ROCKTOBER 2012: 1984 - Wake Me Up Before You Cut Footloose

By 1984 it was clear that this decade was going to be…different. Every single corner of pop culture had been pumped to the max with gaudy and glitz, gagged with a spoon, and otherwise left to die in a roadside ditch along Route Bad Taste. And music wasn’t excluded from this. In fact, along with the rise of MTV, it was in a large part responsible. As that network celebrated the very first Video Music Awards, multi-colored, gelled up fauxhawks roamed the wastelands in search of a synth fix; eager to celebrate anything that wasn’t disco, to ride that New Wave into a hypercolor sunset.  Yes, the world as we knew it then was in need of a savin’, and in 1984 that savin’ would come in a very deep, dark shade of purple.

Before we get to that though, a little perspective. 1984 was the first year that the Compact Disc was mass manufactured in the USA, blowing open the doors on a “digital” revolution that has now, almost thirty years later, run its course. Appropriately – or not if you consider the content – the first such CD to roll off of the assembly line here was Bruce Springsteen’s  Born In The USA, and it was but the first in a long string of albums by artists that either made their mark, or summited the peak of fame that year.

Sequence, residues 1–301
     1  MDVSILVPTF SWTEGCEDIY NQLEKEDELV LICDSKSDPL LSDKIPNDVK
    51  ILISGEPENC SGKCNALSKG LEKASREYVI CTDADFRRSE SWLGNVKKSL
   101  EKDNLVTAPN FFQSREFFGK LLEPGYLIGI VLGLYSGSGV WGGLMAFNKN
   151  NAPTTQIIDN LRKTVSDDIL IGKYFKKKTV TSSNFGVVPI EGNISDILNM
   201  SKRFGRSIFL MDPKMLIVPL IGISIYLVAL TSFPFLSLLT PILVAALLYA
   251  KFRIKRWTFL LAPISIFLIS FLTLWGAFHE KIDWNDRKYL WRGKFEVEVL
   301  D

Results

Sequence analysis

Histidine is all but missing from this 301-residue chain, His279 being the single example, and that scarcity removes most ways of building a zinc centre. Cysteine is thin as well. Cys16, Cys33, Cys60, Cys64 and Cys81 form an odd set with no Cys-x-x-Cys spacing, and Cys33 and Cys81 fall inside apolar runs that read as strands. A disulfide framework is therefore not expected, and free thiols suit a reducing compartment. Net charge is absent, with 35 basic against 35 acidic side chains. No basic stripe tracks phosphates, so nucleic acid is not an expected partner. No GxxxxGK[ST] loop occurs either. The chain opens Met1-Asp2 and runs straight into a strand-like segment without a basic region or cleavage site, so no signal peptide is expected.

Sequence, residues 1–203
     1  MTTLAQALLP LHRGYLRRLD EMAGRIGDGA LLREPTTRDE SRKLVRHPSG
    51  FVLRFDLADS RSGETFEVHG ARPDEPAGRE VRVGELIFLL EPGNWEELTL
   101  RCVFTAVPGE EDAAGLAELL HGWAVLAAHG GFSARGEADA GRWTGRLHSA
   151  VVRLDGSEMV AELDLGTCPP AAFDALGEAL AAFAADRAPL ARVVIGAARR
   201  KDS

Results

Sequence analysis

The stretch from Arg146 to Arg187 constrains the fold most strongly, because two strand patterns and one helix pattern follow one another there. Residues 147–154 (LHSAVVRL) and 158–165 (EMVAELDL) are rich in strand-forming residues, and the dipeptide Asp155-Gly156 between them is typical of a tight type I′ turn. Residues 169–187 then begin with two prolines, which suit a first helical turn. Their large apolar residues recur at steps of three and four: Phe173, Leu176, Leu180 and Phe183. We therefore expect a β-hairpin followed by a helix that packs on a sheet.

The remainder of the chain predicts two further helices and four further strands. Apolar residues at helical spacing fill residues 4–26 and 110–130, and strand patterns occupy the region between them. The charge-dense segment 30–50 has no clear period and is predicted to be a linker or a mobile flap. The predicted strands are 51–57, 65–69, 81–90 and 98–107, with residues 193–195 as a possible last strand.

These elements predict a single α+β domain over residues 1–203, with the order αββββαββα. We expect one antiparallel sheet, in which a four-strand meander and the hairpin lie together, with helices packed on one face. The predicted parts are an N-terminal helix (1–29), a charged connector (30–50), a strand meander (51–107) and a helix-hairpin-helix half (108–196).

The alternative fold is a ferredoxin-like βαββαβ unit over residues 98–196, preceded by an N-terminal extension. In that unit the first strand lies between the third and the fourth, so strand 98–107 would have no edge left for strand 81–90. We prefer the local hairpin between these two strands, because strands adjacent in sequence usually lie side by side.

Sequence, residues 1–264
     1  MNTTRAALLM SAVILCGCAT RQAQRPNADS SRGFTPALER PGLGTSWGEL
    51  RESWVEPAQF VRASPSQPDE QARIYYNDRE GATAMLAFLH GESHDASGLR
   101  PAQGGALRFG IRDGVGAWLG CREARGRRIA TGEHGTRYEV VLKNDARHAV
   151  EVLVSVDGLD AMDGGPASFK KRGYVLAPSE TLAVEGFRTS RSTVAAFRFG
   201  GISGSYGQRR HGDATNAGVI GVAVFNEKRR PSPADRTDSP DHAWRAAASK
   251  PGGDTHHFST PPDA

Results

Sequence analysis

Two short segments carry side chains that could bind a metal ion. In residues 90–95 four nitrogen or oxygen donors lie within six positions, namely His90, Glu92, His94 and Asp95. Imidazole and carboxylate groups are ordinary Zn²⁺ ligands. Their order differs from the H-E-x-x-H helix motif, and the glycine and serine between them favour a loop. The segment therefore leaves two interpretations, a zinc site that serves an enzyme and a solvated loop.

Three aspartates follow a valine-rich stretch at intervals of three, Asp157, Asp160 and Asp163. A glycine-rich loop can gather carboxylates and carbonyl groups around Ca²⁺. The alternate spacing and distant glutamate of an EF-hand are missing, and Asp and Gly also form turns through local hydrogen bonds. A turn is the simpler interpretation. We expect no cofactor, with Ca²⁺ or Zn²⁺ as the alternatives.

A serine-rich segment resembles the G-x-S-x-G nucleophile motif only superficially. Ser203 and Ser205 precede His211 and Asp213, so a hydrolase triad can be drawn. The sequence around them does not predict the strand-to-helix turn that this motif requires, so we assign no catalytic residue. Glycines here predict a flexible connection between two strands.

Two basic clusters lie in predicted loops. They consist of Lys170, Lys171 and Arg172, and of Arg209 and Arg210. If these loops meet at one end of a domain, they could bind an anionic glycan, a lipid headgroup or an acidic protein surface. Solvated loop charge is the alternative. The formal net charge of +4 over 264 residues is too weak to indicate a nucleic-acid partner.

Consider that Bryan Adams, who followed up his minor hit Cuts Like A Knife, with Reckless, an album that spawned not just one, two , three ,four, five, but SIX hits on both the radio and MTV with one of those, “Summer of 69” ending up being one of THE defining songs of not just the 80’s, but an entire generation. And speaking of Tina Turner – she sang on Adams hit “It’s Only Love” – she had her own river deep to cross in 1984. Private Dancer was Turner’s return to the public after a messy and well documented split with husband Ike. Featuring a veritable encyclopedia of legendary artists, including Jeff Beck and a title track written by Dire Straits Mark Knopfler, it charted no three top 10 hits for the singer and put her, and her legs back on top of the world where she belonged.  But she wasn’t alone up there. No, there was in fact fierce, or at least perfectly groomed, competition.